A Rafale rolling as well. Rafale and Eurofighter went head to head during several bids. (Image © Elmer van Hest)
Gripen on approach (Image © Elmer van Hest)
Landing time for this Gripen. (Image © Elmer van Hest)
Landing time for this RAF Typhoon. (Image © Elmer van Hest)
Typhoon on approach. (Image © Elmer van Hest)
Rafale aims for a touchdown, and is still doing so in 2013. (Image © Elmer van Hest)
Rafale aims for a touchdown, and is still doing so in 2013. (Image © Elmer van Hest)
As a matter of fact, older JAS39A Gripens are already used as museum pieces. (Image © Elmer van Hest)
Forever touchdown: older JAS 39A Gripens are already used as museum pieces. (Image © Elmer van Hest)

The final loser
There is however one more loser in the well over a decade long debate about a Dutch F-16 replacement. It’s the F-35A Lightning II that in some years time will touch down on Dutch soil, but will have to do its very best to win the hearts and trust of Dutch taxpayers. Plus, we at AIRheads↑FLY simply think its not the sexiest thing in the sky. Go Rafale!

Dutch F-35A F-001 seen over Texas. (Image © Ministerie van Defensie)
Dutch F-35A F-001 seen over Texas. (Image © Ministerie van Defensie)

© 2013 AIRheads’ Elmer van Hest

War talk: RAF deploys 6 Typhoon fighters

RAF Typhoon ZJ803 during an earlier training (Image © Marcel Burger)
RAF Typhoon ZJ803 during an earlier training (Image © Marcel Burger)

The Royal Air Force deployed six Typhoon fighter jets to its Akrotiri base at Cyprus on Thursday morning August 29th.

,,This is part of ongoing contingency planning”, an RAF official writes in a press release. ,,This is a precautionary measure, specifically aimed at protecting UK interests and the defence of our Sovereign Base Areas at a time of heightened tension in the wider region. This is a movement of defensive assets operating in an air-to-air role only. They are not deploying to take part in any military action against Syria.”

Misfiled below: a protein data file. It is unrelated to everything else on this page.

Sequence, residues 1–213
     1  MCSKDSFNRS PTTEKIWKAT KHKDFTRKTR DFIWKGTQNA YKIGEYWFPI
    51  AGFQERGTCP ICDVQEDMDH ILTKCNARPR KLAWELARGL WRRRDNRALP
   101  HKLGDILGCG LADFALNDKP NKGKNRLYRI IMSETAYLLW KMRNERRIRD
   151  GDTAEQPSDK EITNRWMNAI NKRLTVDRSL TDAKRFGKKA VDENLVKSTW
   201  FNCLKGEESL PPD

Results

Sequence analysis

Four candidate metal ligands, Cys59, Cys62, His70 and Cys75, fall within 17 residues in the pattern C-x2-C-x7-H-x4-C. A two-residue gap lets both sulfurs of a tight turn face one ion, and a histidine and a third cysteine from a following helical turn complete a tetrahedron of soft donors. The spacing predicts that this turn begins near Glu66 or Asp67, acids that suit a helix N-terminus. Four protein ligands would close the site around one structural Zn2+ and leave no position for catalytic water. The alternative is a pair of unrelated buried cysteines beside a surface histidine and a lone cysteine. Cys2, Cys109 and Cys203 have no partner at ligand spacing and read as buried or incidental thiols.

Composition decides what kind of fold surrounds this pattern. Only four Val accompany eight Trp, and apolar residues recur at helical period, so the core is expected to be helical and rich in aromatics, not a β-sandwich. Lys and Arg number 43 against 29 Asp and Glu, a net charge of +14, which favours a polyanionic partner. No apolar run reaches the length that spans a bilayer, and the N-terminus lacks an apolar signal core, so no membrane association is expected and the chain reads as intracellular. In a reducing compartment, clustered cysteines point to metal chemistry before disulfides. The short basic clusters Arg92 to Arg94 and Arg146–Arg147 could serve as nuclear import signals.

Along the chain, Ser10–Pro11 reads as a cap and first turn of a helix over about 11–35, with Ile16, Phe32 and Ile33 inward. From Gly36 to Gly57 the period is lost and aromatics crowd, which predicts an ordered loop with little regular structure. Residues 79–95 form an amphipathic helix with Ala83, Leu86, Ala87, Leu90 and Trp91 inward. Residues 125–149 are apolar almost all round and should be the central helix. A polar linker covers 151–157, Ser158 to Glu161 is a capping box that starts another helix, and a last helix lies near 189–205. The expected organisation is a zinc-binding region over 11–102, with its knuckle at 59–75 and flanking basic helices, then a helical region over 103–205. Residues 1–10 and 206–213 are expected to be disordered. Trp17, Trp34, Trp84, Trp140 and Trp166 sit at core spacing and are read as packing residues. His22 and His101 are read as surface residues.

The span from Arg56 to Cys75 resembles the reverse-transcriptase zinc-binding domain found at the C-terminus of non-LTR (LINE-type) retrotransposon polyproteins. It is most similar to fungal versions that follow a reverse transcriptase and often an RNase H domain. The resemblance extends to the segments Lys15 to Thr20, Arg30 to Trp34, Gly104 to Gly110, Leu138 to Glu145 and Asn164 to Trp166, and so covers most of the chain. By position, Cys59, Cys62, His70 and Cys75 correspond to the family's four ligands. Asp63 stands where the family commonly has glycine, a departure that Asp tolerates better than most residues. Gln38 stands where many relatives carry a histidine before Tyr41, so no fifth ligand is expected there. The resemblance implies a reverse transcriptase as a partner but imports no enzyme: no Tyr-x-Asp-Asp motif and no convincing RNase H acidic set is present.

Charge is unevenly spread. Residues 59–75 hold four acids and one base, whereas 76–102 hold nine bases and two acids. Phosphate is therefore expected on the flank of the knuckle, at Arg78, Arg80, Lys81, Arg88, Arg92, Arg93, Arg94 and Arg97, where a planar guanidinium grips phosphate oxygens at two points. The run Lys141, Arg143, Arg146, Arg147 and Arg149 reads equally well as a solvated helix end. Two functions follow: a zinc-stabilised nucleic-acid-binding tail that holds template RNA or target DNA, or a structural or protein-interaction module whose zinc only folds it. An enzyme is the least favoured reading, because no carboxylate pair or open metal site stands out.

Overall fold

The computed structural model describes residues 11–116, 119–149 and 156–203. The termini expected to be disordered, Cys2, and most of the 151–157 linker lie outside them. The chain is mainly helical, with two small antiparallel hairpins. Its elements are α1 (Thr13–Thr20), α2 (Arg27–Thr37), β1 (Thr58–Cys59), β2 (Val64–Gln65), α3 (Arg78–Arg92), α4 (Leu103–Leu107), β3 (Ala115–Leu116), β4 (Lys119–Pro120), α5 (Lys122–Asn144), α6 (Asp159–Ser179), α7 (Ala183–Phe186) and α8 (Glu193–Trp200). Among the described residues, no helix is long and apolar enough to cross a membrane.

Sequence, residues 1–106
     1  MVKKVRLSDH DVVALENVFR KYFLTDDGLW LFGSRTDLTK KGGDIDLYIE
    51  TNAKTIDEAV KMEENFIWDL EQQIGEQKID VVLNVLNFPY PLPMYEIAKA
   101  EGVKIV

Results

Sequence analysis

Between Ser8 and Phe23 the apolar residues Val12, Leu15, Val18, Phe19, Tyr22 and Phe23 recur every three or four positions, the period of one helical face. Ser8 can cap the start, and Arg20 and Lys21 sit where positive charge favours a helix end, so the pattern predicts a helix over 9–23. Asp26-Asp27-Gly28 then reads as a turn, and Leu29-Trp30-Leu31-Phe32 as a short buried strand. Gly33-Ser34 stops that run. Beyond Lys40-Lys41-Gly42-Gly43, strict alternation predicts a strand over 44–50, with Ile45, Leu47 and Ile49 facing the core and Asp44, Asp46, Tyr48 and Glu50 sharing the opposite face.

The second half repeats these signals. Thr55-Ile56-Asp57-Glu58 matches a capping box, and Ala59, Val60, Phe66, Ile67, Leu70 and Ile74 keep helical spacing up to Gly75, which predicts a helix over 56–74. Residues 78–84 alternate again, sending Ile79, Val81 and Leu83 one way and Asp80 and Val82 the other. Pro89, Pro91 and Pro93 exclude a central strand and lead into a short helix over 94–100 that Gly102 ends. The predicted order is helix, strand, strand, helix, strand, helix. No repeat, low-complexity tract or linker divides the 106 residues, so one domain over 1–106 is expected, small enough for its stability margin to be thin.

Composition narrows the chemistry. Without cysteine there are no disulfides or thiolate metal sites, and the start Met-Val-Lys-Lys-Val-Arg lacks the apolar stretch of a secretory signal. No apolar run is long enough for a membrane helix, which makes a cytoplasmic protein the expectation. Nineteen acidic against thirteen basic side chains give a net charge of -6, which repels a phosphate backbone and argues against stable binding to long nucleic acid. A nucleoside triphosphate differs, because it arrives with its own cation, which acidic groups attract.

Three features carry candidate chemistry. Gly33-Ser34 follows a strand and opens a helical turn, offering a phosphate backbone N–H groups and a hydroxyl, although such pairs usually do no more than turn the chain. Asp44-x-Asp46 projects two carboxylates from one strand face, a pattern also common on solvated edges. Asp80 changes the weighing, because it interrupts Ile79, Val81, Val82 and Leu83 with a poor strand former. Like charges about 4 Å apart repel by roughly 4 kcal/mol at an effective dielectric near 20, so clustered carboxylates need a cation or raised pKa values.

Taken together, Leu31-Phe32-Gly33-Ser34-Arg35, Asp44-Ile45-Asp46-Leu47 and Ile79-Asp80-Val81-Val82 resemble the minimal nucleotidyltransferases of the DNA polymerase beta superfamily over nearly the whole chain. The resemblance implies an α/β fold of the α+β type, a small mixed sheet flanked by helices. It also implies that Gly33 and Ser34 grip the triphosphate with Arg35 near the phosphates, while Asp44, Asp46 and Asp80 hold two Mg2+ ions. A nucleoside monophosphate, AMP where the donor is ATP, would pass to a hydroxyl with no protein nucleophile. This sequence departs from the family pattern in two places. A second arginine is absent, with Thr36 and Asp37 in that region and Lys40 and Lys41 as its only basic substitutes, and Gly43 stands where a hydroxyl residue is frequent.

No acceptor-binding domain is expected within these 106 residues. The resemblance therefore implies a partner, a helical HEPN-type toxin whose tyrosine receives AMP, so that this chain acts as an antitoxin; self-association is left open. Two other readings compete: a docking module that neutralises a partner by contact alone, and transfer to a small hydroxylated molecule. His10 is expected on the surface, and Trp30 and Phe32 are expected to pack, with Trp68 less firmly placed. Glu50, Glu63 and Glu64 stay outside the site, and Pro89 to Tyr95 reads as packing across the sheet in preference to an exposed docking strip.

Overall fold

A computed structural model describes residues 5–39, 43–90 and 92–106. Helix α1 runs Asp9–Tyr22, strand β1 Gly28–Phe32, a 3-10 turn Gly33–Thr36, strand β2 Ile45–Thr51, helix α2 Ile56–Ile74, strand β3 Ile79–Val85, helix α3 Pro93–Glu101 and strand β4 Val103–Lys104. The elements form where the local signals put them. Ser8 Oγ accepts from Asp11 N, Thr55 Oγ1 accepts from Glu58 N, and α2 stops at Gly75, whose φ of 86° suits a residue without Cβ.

But in case there will be action the Eurofighter Typhoons can quickly be retasked with other missions, although interdiction of Syrian airspace seems highly risky at first if one considers the country’s ground based air defences.

,,The Prime Minister has made clear no decision has been taken on the UK’s response to the situation in Syria and there will be a House of Commons vote before any direct military involvement”, according to the RAF press release.

Later on Thursday the British parliament voted against military actions against Syria, so the possible re-tasking of the Typhoons is out of the question.

Source: RAF

Strike Eagles, Typhoons, Hornets and Navy team up

A knife edge pass by a Boeing F-15E Strike Eagle. Sometimes, life is simple. (Image © Elmer van Hest)
A knife edge pass by a Boeing F-15E Strike Eagle. Sometimes, life is simple. (Image © Elmer van Hest)

The Royal Navy warship HMS Dragon, Royal Air Force Typhoons, US Marine Corps F/A-18 Hornet and US Air Force F-15E Strike Eagles have put their skills and technology to the test during a recent joint exercise.

The goal was to detect, classify and monitor contacts on the sea’s surface in the challenging conditions of the Gulf. The Type 45 destroyer provides a complementary service to the highly manoeuvrable and effective Typhoon fast jet combat aircraft.

One of Dragon’s fighter controllers, Lieutenant Francis Heritage, said: “We received the help of a United States Air Force Joint Surveillance Target Attack Radar System, or JSTARS, aircraft to cue our fighters onto their targets. The JSTARS surface radar is incredibly powerful. When combined with our own organic sensors and those of the jets under our control, we can provide force protection over a massive area.”

The American surveillance jet fed information directly into Dragon’s operations room, allowing the destroyer to cue fighter jets onto their objectives. HMS Dragon is in the second half of her inaugural deployment, which is a mix of carrying out maritime security operations with the UK’s Gulf partners and contributing to the wider air defence of the region, such as when she joined forces with the USS Nimitz Carrier Strike Group a few weeks ago.

Source: UK Ministry of Defence